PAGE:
‘Big data tells us everything we need to know about our customers. All we have to do is push the right buttons.’ Really? Viewing this from your own experience as a consumer, do you find this a convincing statement? Could you predict exactly how those closest to you will react to something? And be right every time? Political parties often make this mistake and rely on data and focus groups to tailor individual policies that deliver what they think the voters want to hear. But without a distinct, convincing overarching identity which puts the tactical messaging in context, it is unlikely to elicit more than a short-lived response. Here the sum of the parts is definitely not greater than the whole.

    So, treat your audiences with respect, don’t get too comfortable, and know that you have to keep working to capture their attention. The communications space is very overcrowded.

    Assume nothing.

  • Who are you?

    No, this isn’t a random reference to The Who, but rather a serious question that every organisation should ask themselves.

    I’ve been attending a number of networking events recently. There’s nothing concentrates the mind so well, early in the morning, as having to introduce yourself and your company, over and over again. Or better (worse?) yet, having to stand up and sum up what you have to offer in 30 seconds to a room full of strangers. It forces you to think: to distil and refine what you want to say and to select only the most pertinent items of information, so that you can put forward the most coherent, persuasive view of what your organisation is about and why someone should be interested.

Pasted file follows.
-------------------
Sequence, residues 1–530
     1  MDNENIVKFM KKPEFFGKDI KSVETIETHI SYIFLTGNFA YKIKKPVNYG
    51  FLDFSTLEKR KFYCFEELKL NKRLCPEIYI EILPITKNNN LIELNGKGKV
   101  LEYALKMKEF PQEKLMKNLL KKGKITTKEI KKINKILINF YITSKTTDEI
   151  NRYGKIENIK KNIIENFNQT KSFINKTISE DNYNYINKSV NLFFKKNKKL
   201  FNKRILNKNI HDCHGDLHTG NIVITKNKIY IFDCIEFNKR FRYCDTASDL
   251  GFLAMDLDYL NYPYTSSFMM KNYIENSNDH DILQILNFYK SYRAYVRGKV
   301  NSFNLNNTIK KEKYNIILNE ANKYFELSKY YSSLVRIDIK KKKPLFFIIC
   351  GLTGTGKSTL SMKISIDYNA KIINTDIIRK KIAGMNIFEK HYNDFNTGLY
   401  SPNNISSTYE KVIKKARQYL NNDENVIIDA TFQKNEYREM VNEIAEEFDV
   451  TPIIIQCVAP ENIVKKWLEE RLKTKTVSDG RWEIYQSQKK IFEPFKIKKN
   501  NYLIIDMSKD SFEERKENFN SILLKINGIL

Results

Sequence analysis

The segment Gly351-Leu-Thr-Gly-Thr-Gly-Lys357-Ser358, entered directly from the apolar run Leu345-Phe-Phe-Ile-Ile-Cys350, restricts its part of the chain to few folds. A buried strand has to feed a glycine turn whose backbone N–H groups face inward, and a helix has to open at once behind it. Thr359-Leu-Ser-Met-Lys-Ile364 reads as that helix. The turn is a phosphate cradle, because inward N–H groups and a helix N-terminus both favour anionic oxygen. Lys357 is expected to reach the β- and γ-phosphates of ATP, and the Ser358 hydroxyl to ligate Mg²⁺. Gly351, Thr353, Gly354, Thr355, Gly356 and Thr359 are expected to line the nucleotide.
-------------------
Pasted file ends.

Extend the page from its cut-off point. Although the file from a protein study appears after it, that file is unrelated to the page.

Networking events aside, every organisation needs to know what their core messages are. Try it now. Describe your organisation – what it offers and to whom – in a maximum of three sentences. Whatever form of words you arrive at should lie at the heart of all your marketing and PR. If it doesn’t or you can’t answer that briefly and convincingly, then your marketing communications programmes will fail to deliver.

    Profile building is about working out what an organisation is, what it stands for and where it wants to be. Only then can you start work on a strategy of how to get there. If you don’t know where you are starting from, how will you know when you have arrived?

    So, think about it. Who are you?

  • PR & marketing: the tools to enhance a brand

    A member of our team has just taken delivery of an item from Boden womenswear. Contained within the package was a single sheet of the Boden current marketing messages.

    Masterly.

    Since Boden started up in the nineties, Johnnie Boden has consistently refreshed his company’s profile, mostly with success, and never so than with this latest marketing.  His astute awareness of changing opinion keeps Boden always one step ahead, a precious talent that renews whilst never losing sight of founding principles.

    In this age of scant respect for any business that is viewed as old, and 20 years is old to many in today’s terms, the profile of Boden is right up to the minute.
    Reinvention at its classiest and an object lesson to the rest of us.
  • 2017. Time to get a grip on your PR

     

    Public Relations planning and strategy for 2017

    Public Relations planning and strategy for 2017

    I am the sort of person who always likes to get a grip. I am not a fan of drifting along hoping that everything will turn out for the best. PR, however, is a ‘slow burn’ activity, building over many weeks and months with the results only apparent long after the hard work has been done. It’s a discipline where patience is definitely a virtue, if not a prerequisite! But ‘slow burn’ does not mean that the quality of the input and the results generated are not linked.

    (more…)